One of the largest and most beautiful churches in Paris, the Église Saint-Sulpice started out as a simple chapel in a charming little hamlet on the edge of the capital's ramparts in the 12th century.
After undergoing several architectural transformations, it was majestically redesigned by Servandoni in the 18th century. Its façade continues to captivate those who walk by it, and houses Delacroix's famous Chapelle des Saint-Anges.
The surrounding area remains a delightful village that sits in the shadow of the venerable church, which has become the quintessence of Parisian life and the district that bears its name.
Like a sundial, the square ticks off the hours as it illuminates, with the Café de la Mairie remaining a constant. Here, time flies by with nonchalance and extravagance - Georges Perec even wrote about it and described the Café's rich history.
This chronicle of life on Place Saint-Sulpice and the ballet of passers-by - elegant ladies, workers on their hard-earned lunch break, friends sharing an aperitif or students escaping the boulevards to grab a coffee - could have been written today.
There is an unmistakable Parisian joie de vivre found in the shadow of the Église Saint-Sulpice.
A marvel of Baroque architecture in the heart of Paris, the area bears witness to Catherine de Medici's nostalgia for her native Florence, from the Luxembourg Gardens, inspired by Boboli Gardens, to the Place Saint-Sulpice, where a certain southern glamour is ever present.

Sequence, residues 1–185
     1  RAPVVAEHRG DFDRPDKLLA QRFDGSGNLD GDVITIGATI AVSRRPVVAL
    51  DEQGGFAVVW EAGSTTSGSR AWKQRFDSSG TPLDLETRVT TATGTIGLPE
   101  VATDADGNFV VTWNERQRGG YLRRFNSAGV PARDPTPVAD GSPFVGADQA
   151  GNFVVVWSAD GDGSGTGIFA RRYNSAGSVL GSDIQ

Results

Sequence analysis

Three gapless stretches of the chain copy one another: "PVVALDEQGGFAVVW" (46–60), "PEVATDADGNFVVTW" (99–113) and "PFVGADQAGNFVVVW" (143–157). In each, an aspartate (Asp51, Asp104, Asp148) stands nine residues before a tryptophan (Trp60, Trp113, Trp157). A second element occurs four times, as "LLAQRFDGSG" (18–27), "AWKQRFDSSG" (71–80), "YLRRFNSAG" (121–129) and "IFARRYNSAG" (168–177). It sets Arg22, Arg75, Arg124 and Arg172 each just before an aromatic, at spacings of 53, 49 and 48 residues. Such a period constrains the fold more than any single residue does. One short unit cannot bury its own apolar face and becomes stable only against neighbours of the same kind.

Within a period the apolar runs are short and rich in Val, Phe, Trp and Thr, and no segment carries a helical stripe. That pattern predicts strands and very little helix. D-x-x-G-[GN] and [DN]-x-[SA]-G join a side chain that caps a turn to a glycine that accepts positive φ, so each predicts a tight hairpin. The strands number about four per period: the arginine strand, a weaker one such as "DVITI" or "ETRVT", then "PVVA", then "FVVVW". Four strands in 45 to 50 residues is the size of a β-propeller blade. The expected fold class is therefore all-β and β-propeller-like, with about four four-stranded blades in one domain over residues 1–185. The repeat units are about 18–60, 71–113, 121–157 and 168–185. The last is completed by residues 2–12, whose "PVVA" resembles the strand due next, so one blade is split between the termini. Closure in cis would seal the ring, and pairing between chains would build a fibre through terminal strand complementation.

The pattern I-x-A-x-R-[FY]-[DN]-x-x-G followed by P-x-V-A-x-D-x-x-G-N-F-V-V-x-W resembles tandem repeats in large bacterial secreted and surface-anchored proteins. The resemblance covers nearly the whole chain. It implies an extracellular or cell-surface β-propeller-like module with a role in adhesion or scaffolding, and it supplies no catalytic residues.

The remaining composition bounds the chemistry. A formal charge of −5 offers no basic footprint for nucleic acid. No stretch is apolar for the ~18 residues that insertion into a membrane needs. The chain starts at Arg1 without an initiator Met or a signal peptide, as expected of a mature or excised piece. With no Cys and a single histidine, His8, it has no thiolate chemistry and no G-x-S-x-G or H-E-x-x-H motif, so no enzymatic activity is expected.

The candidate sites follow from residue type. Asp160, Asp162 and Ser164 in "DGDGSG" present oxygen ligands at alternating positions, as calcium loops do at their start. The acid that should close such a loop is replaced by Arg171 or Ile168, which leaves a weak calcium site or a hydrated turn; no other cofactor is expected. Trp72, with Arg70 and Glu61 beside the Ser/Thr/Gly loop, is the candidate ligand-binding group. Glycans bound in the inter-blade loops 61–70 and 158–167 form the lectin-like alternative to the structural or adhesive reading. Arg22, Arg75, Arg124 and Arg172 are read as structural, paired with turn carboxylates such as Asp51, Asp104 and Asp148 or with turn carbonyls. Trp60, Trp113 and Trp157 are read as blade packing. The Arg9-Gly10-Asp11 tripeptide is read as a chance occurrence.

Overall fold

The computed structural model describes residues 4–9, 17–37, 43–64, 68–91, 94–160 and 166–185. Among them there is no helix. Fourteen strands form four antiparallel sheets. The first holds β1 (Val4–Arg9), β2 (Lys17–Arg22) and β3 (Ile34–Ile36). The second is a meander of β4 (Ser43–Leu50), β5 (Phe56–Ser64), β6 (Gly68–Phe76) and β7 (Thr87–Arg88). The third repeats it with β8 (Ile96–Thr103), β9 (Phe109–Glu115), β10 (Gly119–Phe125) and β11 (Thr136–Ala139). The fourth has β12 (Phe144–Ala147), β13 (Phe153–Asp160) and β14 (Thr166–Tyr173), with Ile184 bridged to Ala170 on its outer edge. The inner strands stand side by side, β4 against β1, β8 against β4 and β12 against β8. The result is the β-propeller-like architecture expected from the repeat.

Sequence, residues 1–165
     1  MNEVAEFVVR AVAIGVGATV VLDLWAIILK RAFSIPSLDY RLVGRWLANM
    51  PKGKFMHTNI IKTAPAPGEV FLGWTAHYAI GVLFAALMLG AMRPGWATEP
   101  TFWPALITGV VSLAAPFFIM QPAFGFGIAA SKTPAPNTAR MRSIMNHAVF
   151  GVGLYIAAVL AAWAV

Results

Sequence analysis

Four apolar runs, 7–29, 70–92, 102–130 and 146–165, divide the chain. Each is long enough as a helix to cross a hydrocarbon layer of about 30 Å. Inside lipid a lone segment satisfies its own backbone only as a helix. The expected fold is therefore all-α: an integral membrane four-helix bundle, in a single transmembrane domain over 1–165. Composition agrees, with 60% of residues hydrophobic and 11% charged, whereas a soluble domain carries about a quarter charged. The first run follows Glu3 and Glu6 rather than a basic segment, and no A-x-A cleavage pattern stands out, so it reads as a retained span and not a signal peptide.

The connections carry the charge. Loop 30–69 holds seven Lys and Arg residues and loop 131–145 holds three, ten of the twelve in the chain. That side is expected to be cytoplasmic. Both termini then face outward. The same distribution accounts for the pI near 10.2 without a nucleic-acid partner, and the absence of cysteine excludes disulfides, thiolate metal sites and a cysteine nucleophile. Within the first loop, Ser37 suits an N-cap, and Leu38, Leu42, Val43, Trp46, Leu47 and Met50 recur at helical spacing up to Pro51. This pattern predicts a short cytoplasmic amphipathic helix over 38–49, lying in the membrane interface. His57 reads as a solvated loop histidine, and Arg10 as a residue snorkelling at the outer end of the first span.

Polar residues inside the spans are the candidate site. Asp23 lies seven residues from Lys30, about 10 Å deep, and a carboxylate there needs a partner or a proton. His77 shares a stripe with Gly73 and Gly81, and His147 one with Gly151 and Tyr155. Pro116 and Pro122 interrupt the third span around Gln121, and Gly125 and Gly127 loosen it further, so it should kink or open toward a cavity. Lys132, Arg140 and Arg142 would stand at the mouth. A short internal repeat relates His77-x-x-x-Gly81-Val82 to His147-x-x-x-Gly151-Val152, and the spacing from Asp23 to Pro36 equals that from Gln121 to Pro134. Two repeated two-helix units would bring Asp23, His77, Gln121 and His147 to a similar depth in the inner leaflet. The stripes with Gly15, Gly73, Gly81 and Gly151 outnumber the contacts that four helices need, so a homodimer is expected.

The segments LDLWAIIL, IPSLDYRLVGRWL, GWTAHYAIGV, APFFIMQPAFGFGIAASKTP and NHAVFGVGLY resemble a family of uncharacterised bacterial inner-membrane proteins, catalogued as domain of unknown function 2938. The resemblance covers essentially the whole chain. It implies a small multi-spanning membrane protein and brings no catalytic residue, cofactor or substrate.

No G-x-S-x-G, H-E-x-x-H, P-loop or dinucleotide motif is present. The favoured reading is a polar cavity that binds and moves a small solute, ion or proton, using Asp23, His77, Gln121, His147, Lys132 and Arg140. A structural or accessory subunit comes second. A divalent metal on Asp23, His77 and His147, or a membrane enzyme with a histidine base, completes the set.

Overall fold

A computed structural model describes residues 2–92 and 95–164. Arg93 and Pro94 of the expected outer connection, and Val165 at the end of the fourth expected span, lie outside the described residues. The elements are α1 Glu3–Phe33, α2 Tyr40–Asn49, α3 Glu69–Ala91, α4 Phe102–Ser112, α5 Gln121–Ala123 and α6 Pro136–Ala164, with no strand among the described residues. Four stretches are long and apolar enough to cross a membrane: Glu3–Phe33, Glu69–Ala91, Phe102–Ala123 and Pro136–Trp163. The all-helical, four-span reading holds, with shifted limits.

The clientele, more discreet than that of Saint-Germain-des-Prés, is more reserved and also more varied. Young families mingle with older ones, as well as the artists, intellectuals, manufacturers and finance workers who all reside in the neighbourhood, which they share with a large international clientele who come to live or have a pied-à-terre in this iconic part of historic Paris.
The market here is one of the most steady and sought-after in Paris.
The gentle pace of life in the area can be enjoyed in all its forms, from a walk at daybreak across Place Saint-Sulpice to the comforting restaurants on Rue Servandoni where Bon Saint-Pourçain is top of our list, or the small Italian restaurants on Rue Canette.
Not to be missed
Meander along the charming Rue Férou and stop long enough to be transported by the "Bateau Ivre" (The Drunken Boat), a 300 sq.m (3,230 sq ft) fresco depicting Arthur Rimbaud's famous poem. It is painted on the wall of the tax office now, but this building is believed to have once been the restaurant where the 16-year-old poet first recited this poem.
Further down this same street, Man Ray's tiny and charming former Paris studio can be found.
And there we have it, a stroll through the secrets of mythical Paris.